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Harnessing energy from piezioelectric roadways

  1. Feb 26, 2009 #1
    I am trying to determine how much energy can be, in ideal circumstances, harvested from piezoelectric crystals that draw pressure from being buried in roadways.
    To start, we found a basic fact on Wikipedia;
    http://en.wikipedia.org/wiki/Piezoelectric

    "...a 1 cm cube of quartz with 2 kN (500 lbf) of correctly applied force can produce a voltage of 12,500 V."

    Using what means and understanding we possess, we determined so far that;
    -that the average wheel on a car would be roughly 5 kN
    -that .20m of a wheel touches the ground on average with an area of 0.034m^2

    Now based on my understanding of piezoelectricity, I am not sure as to whether time would have to be factored in as well or not. So basically if we could come up with some kind of a unit measurement/equation to determine how much voltage a 1 cm cube of quartz would put off with the force of the average vehicle going at an average speed, we could then extrapolate that to conclude exactly how much power could be generated from a roadway of any given length and thus the overall energy potential of piezoelectricity as a whole.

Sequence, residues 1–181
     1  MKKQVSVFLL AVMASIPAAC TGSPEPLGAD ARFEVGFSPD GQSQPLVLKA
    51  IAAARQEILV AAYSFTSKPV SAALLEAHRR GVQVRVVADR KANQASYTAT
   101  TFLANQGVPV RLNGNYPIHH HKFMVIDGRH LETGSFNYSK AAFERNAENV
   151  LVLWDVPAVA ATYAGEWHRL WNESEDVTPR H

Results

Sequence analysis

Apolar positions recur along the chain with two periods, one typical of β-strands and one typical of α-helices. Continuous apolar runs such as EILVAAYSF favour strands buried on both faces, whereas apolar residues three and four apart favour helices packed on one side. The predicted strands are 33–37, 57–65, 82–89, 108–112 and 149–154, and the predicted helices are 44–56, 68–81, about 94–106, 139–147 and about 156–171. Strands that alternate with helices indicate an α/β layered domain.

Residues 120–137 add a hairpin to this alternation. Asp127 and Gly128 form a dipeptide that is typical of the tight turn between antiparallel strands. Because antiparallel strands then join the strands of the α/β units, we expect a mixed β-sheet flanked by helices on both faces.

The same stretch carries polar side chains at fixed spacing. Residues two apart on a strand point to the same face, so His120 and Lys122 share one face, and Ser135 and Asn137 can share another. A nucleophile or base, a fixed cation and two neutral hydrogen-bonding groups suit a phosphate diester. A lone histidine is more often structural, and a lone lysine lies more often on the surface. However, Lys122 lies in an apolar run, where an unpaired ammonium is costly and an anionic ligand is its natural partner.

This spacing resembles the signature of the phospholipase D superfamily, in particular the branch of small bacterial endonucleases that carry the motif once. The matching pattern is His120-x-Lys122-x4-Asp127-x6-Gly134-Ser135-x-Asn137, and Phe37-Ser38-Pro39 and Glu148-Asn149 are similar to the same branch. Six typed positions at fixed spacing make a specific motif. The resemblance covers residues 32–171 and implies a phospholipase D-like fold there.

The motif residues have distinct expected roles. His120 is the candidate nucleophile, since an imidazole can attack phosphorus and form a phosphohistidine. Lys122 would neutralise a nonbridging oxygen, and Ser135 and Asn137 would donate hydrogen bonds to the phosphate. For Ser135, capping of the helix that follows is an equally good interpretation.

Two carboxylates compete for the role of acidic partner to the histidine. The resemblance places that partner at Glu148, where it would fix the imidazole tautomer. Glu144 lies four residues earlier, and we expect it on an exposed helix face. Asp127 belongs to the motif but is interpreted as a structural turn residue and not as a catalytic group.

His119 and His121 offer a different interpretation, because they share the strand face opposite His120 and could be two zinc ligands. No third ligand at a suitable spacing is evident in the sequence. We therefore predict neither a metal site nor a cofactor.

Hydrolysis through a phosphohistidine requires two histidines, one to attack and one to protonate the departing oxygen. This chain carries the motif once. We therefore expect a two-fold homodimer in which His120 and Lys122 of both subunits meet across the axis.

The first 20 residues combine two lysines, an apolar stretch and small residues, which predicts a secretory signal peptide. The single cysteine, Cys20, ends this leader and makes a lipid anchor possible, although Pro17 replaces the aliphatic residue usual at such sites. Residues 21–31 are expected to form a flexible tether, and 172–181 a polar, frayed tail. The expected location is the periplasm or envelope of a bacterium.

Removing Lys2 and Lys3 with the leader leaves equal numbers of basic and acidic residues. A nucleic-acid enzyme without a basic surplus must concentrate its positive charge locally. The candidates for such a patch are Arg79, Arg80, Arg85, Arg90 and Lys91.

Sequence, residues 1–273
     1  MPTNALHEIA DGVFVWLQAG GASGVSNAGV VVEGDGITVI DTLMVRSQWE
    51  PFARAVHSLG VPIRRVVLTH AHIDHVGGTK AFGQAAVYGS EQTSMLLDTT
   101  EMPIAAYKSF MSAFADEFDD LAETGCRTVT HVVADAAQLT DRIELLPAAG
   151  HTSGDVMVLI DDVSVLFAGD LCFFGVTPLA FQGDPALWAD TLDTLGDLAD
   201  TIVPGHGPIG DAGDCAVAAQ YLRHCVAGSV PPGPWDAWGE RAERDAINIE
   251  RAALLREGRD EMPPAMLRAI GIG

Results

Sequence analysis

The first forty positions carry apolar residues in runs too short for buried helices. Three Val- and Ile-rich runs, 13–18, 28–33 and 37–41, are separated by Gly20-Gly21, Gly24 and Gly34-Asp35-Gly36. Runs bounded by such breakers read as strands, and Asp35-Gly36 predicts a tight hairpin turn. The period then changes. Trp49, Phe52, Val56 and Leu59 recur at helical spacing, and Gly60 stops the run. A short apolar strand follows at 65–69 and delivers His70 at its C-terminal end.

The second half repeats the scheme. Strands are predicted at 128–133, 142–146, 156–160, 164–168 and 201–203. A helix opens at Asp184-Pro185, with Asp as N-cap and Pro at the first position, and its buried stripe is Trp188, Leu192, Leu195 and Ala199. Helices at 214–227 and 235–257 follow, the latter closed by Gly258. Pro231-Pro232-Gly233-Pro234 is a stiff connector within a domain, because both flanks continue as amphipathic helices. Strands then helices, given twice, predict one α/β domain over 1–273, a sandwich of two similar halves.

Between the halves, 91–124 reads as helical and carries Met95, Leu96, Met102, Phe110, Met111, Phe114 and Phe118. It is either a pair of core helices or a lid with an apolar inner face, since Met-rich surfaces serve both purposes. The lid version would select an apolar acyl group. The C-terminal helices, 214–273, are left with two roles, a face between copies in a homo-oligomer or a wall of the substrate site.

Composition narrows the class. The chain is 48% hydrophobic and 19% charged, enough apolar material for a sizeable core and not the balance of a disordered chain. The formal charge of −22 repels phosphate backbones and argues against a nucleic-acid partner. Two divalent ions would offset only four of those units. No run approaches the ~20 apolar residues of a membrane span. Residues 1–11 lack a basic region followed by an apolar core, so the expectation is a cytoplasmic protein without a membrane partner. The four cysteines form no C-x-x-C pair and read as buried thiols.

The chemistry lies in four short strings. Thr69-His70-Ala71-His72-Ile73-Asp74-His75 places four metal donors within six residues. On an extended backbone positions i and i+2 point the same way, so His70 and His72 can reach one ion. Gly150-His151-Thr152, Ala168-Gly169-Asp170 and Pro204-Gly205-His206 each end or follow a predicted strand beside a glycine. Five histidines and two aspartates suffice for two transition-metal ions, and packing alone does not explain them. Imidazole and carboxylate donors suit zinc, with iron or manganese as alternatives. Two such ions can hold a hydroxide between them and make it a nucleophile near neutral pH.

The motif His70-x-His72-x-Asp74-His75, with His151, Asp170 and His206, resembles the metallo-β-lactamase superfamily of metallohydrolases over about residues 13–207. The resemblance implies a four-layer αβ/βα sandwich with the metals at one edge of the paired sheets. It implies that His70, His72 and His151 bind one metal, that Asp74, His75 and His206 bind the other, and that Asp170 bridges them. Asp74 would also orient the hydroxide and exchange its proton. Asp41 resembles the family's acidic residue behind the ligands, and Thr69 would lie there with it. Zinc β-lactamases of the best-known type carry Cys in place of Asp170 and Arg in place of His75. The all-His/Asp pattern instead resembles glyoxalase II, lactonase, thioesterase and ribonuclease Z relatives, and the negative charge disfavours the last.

Overall, we'll have one more sound fact to give hope to the world that could be.
    But I seem to have taken this equation as far as I can on my own at the time, so I need someone's help.
    Anything at all would be greatly appreciated.
     
  2. jcsd
  3. Feb 26, 2009 #2

    russ_watters

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    Voltage alone doesn't really tell you anything useful about the energy available - you'd need a current. And note, conservation of energy applies: any energy generated by the crystals has to come from the car engine and not much of a car's energy is lost as rolling resistance on a road.
     
  4. Feb 26, 2009 #3
    So then is there any direction you could suggest that I look in to further my progress with this question?
     
  5. Feb 26, 2009 #4

    mgb_phys

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    From talking to people who use the piezeo sensors for speed/traffic measurements - very little signal is generated because of the road surface material over the top of the sensors.
    They have to do some pretty complex signal processing to even detect a car.
     
  6. Feb 26, 2009 #5

    russ_watters

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    Well, I guess you could pick an arbitrary deflection (it's up to you to design it, right?) and calculate based on that. Ie, try these numbers:

    A car weighs 5000N
    You design your device to deflect 1m, like a spring
    The contact patch is 20 cm long and the car is moving at 10 m/sec (so the contact area is changed 50 times a second)
     
  7. Feb 27, 2009 #6
    You don't get something for nothing. I am guessing that the energy you get would be offset by losses elsewhere like loss of gas mileage in all the vehicles that travel the road. So if you expect to harvest free energy I doubt it will work.